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1.  Biomarkers of cobalamin (vitamin B-12) status in the epidemiologic setting: a critical overview of context, applications, and performance characteristics of cobalamin, methylmalonic acid, and holotranscobalamin II1234 
Cobalamin deficiency is relatively common, but the great majority of cases in epidemiologic surveys have subclinical cobalamin deficiency (SCCD), not classical clinical deficiency. Because SCCD has no known clinical expression, its diagnosis depends solely on biochemical biomarkers, whose optimal application becomes crucial yet remains unsettled. This review critically examines the current diagnostic concepts, tools, and interpretations. Their exploration begins with understanding that SCCD differs from clinical deficiency not just in degree of deficiency but in fundamental pathophysiology, causes, likelihood and rate of progression, and known health risks (the causation of which by SCCD awaits proof by randomized clinical trials). Conclusions from SCCD data, therefore, often may not apply to clinical deficiency and vice versa. Although many investigators view cobalamin testing as unreliable, cobalamin, like all diagnostic biomarkers, performs satisfactorily in clinical deficiency but less well in SCCD. The lack of a diagnostic gold standard limits the ability to weigh the performance characteristics of metabolic biomarkers such as methylmalonic acid (MMA) and holotranscobalamin II, whose specificities remain incompletely defined outside their relations to each other. Variable cutoff selections affect diagnostic conclusions heavily and need to be much better rationalized. The maximization of reliability and specificity of diagnosis is far more important today than the identification of ever-earlier stages of SCCD. The limitations of all current biomarkers make the combination of ≥2 test result abnormalities, such as cobalamin and MMA, the most reliable approach to diagnosing deficiency in the research setting; reliance on one test alone courts frequent misdiagnosis. Much work remains to be done.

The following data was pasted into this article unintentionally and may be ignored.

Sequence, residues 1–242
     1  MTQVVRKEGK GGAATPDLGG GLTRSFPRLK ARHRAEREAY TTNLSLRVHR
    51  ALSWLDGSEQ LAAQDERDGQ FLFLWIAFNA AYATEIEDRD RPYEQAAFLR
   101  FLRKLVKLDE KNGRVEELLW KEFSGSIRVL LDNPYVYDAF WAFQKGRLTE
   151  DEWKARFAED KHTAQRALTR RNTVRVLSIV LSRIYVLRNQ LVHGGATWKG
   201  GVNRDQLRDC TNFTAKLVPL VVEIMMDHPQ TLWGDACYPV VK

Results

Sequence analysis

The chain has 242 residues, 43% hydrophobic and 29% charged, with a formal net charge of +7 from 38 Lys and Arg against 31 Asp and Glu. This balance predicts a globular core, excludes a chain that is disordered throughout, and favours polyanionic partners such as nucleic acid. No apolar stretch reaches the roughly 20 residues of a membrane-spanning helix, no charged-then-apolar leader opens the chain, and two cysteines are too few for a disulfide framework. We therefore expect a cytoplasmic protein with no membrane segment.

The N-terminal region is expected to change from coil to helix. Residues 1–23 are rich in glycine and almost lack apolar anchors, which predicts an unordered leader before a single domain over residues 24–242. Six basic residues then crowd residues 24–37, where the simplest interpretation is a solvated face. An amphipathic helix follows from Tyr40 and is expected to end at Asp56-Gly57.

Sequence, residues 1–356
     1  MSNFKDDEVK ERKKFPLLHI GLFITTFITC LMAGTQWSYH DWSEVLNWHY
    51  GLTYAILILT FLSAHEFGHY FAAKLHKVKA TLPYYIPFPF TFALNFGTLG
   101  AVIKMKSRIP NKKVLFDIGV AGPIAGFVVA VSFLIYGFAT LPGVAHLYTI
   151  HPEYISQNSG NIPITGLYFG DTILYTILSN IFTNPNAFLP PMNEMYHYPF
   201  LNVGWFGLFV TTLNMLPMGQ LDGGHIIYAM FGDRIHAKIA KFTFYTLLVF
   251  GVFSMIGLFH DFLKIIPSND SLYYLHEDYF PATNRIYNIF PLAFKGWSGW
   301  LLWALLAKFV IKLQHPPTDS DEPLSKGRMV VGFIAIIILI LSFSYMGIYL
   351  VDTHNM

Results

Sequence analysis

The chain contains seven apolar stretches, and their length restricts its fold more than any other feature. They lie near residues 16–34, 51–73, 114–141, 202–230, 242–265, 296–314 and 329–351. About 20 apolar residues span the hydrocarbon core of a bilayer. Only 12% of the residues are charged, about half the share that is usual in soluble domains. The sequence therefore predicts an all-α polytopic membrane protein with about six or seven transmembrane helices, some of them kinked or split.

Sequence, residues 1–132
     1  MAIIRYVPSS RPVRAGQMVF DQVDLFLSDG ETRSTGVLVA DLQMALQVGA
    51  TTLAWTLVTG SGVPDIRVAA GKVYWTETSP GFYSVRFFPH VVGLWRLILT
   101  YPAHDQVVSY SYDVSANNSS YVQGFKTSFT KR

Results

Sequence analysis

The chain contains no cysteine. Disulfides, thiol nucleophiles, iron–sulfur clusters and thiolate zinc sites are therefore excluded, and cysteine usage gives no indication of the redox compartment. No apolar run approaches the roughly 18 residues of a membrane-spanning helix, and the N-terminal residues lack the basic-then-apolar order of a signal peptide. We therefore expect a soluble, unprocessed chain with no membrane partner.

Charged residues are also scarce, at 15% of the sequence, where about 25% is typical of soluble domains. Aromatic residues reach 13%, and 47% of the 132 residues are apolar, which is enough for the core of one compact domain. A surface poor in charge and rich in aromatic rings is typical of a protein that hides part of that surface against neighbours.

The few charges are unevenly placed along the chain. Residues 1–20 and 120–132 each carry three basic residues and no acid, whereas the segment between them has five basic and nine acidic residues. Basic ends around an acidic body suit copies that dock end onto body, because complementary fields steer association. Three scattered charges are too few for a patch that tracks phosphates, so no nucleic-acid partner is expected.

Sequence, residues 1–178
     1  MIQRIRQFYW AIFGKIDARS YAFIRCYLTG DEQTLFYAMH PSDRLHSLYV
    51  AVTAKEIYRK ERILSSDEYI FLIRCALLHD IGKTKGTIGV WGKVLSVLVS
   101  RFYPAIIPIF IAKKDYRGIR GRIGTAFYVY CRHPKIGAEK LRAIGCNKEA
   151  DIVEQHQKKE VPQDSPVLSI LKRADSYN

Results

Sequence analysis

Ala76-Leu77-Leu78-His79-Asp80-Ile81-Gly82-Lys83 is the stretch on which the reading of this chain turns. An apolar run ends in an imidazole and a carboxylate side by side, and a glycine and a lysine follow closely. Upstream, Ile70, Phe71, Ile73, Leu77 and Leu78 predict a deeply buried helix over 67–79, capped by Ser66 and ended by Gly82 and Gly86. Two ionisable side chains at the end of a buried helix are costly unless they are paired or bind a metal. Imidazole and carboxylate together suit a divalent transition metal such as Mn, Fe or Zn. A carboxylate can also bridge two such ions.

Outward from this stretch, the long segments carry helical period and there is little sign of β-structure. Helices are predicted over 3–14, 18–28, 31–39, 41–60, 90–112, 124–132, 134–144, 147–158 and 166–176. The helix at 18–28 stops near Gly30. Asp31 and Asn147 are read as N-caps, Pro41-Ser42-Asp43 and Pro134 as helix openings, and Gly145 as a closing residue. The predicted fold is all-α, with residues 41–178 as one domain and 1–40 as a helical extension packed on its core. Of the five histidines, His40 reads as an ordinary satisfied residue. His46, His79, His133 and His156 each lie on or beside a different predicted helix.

doi:10.3945/ajcn.111.013441
PMCID: PMC3174853  PMID: 21593511
2.  Biomarkers of folate status in NHANES: a roundtable summary123456 
A roundtable to discuss the measurement of folate status biomarkers in NHANES took place in July 2010. NHANES has measured serum folate since 1974 and red blood cell (RBC) folate since 1978 with the use of several different measurement procedures. Data on serum 5-methyltetrahydrofolate (5MTHF) and folic acid (FA) concentrations in persons aged ≥60 y are available in NHANES 1999–2002. The roundtable reviewed data that showed that folate concentrations from the Bio-Rad Quantaphase II procedure (Bio-Rad Laboratories, Hercules, CA; used in NHANES 1991–1994 and NHANES 1999–2006) were, on average, 29% lower for serum and 45% lower for RBC than were those from the microbiological assay (MA), which was used in NHANES 2007–2010. Roundtable experts agreed that these differences required a data adjustment for time-trend analyses. The roundtable reviewed the possible use of an isotope-dilution liquid chromatography–tandem mass spectrometry (LC-MS/MS) measurement procedure for future NHANES and agreed that the close agreement between the MA and LC-MS/MS results for serum folate supported conversion to the LC-MS/MS procedure. However, for RBC folate, the MA gave 25% higher concentrations than did the LC-MS/MS procedure. The roundtable agreed that the use of the LC-MS/MS procedure to measure RBC folate is premature at this time. The roundtable reviewed the reference materials available or under development at the National Institute of Standards and Technology and recognized the challenges related to, and the scientific need for, these materials. They noted the need for a commutability study for the available reference materials for serum 5MTHF and FA.
doi:10.3945/ajcn.111.013011
PMCID: PMC3127517  PMID: 21593502
3.  Biomarkers of vitamin B-12 status in NHANES: a roundtable summary123456